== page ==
Cult victims were murdered, police say
Julian has written for the New Statesman, London Review of Books and openDemocracy among others. He is an experienced touring cyclist and writes frequently about world politics by bicycle. A book about his 2009 circumnavigation by bicycle is waiting to be published. He blogs at http://thisisnotforcharity.blogspot.com/
Friday 07 October 1994
Major Bernard Geiger, chief of police in the Valais canton, said the deaths in the village of Granges-sur-Salvan of 25 people, some of them children, could not be treated as suicide. Unless the body of Luc Jouret, 46, the sect leader, was identified among the remains, a Swiss judge would soon issue an international arrest warrant for him. Police have said they are looking for two people in connection with the case, but have not identified them.
Meanwhile, in a house in Morin Heights, Quebec, where earlier this week police found the remains of a couple linked to the deaths in Switzerland, two more bodies were found, burnt beyond recognition.
Jean-Francois Mayer, a Swiss experts on sects, said he received a letter yesterday 'from beyond the grave', claiming that the 48 members of the Order of the Sun Temple wanted to die because they had been persecuted in Quebec. The letter, unsigned and typed on a word processor, said the persecution had become 'unbearable'. It said the sect members would continue their work 'at other times and in other places'. The Geneva postmark on the envelope was smudged and the date of dispatch was illegible, according to a Swiss reporter who saw it.
The bodies in Granges were discovered early on Wednesday after firemen were called to three chalets occupied by the sect which had been set alight. At the same time, a further 23 bodies were found in a burnt-out farm in Cheiry, 50 miles away. The deaths, of Canadian, French and Swiss nationals, resembled those of the four in the house in Morin Heights owned by Mr Jouret, where a fire was also set off by a timing mechanism.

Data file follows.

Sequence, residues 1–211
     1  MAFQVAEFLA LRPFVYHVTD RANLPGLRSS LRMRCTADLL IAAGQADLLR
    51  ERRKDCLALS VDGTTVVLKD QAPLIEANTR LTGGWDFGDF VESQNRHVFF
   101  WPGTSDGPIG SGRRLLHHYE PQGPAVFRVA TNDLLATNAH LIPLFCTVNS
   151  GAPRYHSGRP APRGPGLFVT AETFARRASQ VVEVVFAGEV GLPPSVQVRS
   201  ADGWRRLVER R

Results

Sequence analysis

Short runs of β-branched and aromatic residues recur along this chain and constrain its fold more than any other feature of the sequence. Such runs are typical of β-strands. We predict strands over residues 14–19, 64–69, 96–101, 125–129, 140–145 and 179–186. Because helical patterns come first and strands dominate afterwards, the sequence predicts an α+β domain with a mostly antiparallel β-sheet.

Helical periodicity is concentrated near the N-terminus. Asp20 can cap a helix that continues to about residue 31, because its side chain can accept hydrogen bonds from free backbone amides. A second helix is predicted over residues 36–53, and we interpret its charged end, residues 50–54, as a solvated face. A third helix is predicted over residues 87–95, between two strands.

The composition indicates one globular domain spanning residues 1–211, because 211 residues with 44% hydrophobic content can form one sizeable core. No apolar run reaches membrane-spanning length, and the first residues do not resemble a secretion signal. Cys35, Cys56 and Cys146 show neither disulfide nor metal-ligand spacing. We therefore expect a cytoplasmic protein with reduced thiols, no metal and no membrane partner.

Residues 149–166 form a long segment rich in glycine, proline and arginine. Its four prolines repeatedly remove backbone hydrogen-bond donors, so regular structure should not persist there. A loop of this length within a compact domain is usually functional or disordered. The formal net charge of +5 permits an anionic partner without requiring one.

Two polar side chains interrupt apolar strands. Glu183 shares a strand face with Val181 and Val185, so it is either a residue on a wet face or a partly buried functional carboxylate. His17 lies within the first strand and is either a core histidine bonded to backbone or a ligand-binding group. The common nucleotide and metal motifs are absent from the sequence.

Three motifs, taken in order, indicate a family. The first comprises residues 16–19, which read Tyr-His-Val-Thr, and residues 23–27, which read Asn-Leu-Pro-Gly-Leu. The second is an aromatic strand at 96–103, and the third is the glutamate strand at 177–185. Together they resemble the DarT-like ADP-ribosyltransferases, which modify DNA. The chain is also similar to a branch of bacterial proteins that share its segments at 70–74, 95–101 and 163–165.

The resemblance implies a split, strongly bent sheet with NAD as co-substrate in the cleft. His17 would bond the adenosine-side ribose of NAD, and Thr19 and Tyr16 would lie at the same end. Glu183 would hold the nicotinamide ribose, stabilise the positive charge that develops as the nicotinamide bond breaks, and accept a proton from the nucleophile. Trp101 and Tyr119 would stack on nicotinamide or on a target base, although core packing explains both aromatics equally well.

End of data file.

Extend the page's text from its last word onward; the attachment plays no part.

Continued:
On Wednesday, Pierre Nidegger, Major Geiger's counterpart investigating the Cheiry deaths, said the case was one of mass suicide. Major Geiger said yesterday: 'My colleagues and I think this was a hasty conclusion. We do not exclude that a good number of the victims were murdered.' At a press conference, he used the term 'mass execution'.
Andrei Piller, an examining magistrate, said autopsies on some of the Cheiry victims showed they had been given a powerful drug by injection or intravenous drip before they died. A police officer said the attitudes of the bodies - one couple were lying side by side and holding hands, while a little girl was pressed against a little boy and 'almost smiling' - proved they had not been asphyxiated. 'Suffocation is very violent,' he said.
Police completed their search of the third chalet yesterday, but found no more bodies. Their attention turned to Geneva, where the sect has a third 'lodge'. Several people were taken into custody for questioning and their homes searched.
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